Principles to note when Fund raising at Community or grass root levels
Funds to do an activity may be dwindling or were never earmarked at all. Yet, the need could be apparent and pressing. There are tricks you can employ. Read this short story and note the principles in Community Based Fund raising.
There are different reasons why we engage in fund raising activities:
1. to look for and seek for funding for recurrent activities.
2. to off set debts
3. to have start up funds for an organization.
There are different organizations and causes for which the money that is raised can be used:
it could be Heart Fund, feeding the homeless, caring for seniors or sustaining a shelter program.
CASE STUDY: RUNNING A SMALL GRASS ROOT ORGANIZATION:
We got news about our work in the community in Worcester, MA. There was demand for our community out reach activities. The urgent message was that we needed to continue with community based education and engage as many people in exercises, calisthenics and nutrition awareness.
How we did our work:
We had visited education facilities, senior living homes, work places, prayer places, libraries, Sports facilities, Corporations, CSOs/NGOs and Community leaders. We knocked on doors of different homes.
We were calling upon every one to help us raise money but also to come join us at the 'City Heart Day' event that was to be held at the City Commons preceded by a walk. The walk was split into two. We anticipated there would be those who could walk the 5 miles and those who would prefer the 2 miles.
The corporations and many well wishers sponsored this event. All required paraphernalia were in place. Water, consumables, candies and meals. The Emergency Health Unit was in place too.
Noting The Weather:
The day was sunny but with cool temperatures in the 40s. The day ended successfully.
Follow up Activities:
The following day I hurried to the organizing office to to write 'thank you' notes and send congratulatory mails. It was a success. The corporations and well wishers who had promised and pledged support made good their word.
This is how things went: Very many people from around the area, well wishers, as well as invited people joined different teams. We were part of a larger group of over 300 people (adults, young and children pushed in prams). There were some who walked 2 or 5 miles to raise funds and to raise awareness around what communities can do to reduce the risks that exacerbate cardio-vascular diseases.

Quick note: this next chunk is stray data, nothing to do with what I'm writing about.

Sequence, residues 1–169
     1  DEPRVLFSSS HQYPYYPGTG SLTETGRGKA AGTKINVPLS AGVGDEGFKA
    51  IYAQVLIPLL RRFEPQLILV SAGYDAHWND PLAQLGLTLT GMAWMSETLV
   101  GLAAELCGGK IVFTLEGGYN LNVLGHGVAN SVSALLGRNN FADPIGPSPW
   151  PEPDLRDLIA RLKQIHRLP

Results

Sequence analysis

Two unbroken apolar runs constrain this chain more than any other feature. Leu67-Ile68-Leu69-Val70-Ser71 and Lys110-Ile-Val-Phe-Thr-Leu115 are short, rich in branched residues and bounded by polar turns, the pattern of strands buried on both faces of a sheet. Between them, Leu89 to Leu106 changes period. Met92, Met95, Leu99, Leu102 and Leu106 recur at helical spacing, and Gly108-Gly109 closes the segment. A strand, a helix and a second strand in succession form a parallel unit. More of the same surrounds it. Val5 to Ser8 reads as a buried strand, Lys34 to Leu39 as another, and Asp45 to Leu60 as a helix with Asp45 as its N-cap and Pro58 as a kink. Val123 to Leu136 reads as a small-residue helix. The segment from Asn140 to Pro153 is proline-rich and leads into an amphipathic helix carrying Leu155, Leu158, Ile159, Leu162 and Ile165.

We met at one place, were flagged off and as a team we walked the different assigned miles. Our team walked all the five miles.
There are so many lessons one learns when one decides to engage in community activities. As a strong advocate for community-work in which one expects not to be paid a salary, I have always told my friends and any who cares to listen to my philosophy and the three reasons why we engage in work: reward, skills and networks.
Rewards may be in various forms and not necessarily the salary. It could be psychological satisfaction that one is able to take time off and be part of a number of persons who have accomplished an activity.
Skills may come in many ways including person-to-person communication or organization of an event. One does not fail to learn a lesson or two in organization of events. Humans are social and in engaging in these kind of events it may enable one fulfill the social aspect of meeting other people. It may add to the feeling of being part of society. It may be a point of reference for one as well as topic for conversation. Such experiences make up the stock materials in one’s brains. Experience is part of one’s memory it may be enrichment that will form future conversational or problem-solving points of reference.
There were three major intentions of the walk: raising funds; raising awareness about cardio-vascular diseases and; renewing a commitment towards engaging in physical exercises as one of the best ways to prevent cardiovascular and lung related diseases.
The holy trinity of fundraising
The three most important points in fundraising is transparency, network building and accountability:
This is the primus inter pares of them all. One has to have plans, resources and staff. The staff have to know their roles and how they contribute to the shared success or failure. This is a platform that asks: What do I show for my activities? Who sees my kind of work? Who else is interested in my kind of work? Some of the tools to keep handy are:
a. A record of all activities prior and after the major event
b. A list of all people or corporation with their contact addresses, who helped or are likely to help in the future
c. An action plan drawn out and in plain view for all to see and refer to.
d. A community map of routes to follow or catchment area
e. Past records and a deadline to share outcomes/expenditures during next mid term level reporting.
2. Network building.
This is the second arm or leg or pillar depending on how one sees things. This is the platform that asks: who are involved and what is involved. Get to have:
a. Trained staff ( both volunteers and non-volunteers).
b. Partnerships with other stake holders who have similar work like you do
c. create a calendar and share it with authorities and other leaders in the area. This helps to match your activities to those of the area. This way you may plan to attend events of other organizations. This is sharing space and getting to know what others do. It is a form of speed dating too. You may get to show case your work while at the same time you may come in handy and offer your expertise.
This is the top trophic level in the tripartite system. This is the platform that asks: Has all our effort been worth it? This is what lists:
d. Progress reports
e. Changes made
g. Lessons learnt
h. The resources gained
i. How the resources are used
The fact that one has to have at the back of their mind is that: fundraising is also resource mobilizing.